12. I know, I just didn’t want to go into it in here. People have complained about walls of text, for some reason.

    Edit: Aaaaand I just found out that my testes have taste receptors. God I love biology.

  13. There’s some cheerful ideas Trevor. Naturally the world’s militaries will already be exploring this, but as you say one looks forward to the day when every incel can experiment with new viruses in his parent’s basement.

    I also noticed that Justin did this by proclamation. But not many seem to have noticed. Ditto all the corona – the authorities now have the right to control you in any way they choose at any time by proclamation. Very like Canadians not to notice or care.

    Good to know!

  14. These are very strange things to say about @Tj2mag , a biologist with first-hand virology experience/knowledge who painstakingly explains the complexities for the larger audience here at QC. As a teacher, he has a gift, and he’s shown tremendous patience in trying to explain the complexities to those (like you) with little to no expert experience/knowledge.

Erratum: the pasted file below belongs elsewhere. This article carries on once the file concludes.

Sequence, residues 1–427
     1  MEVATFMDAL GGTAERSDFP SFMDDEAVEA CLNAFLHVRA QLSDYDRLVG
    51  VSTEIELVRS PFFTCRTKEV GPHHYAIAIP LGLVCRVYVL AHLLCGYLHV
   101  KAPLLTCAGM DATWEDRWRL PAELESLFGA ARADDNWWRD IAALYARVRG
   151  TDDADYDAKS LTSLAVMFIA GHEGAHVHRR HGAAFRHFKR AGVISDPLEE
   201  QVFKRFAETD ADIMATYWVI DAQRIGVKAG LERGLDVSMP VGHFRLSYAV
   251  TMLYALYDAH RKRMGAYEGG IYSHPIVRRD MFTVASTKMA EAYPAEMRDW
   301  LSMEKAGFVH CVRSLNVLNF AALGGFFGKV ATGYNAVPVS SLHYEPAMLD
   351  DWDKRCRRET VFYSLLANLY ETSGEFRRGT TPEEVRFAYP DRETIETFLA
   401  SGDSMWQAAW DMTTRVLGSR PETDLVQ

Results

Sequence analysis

Your comments quoted reflect your priorities rather than anything real about @Tj2mag ’s contributions. imo.

  15. Thanks for this article. I’m sure that HCTs could make sense and could make sense here. However I’d like to have seen this considered in the much wider context of more adaptive responses to the problems we face on COVID19 generally. Regarding testing for a vaccine, surely a lot of these trials could be done on medicos treating the virus with the control group infection rate being compared with the treatment group. But more generally, there should be lots of experimentation going on – in reducing infection and treating it – with some serious attention being given to how to optimise others capacity to access the resulting ‘knowledge commons’ via online platforms and so on.

Continue the discussion in Quillette Circle

42 more replies

Participants

Comments have moved to our forum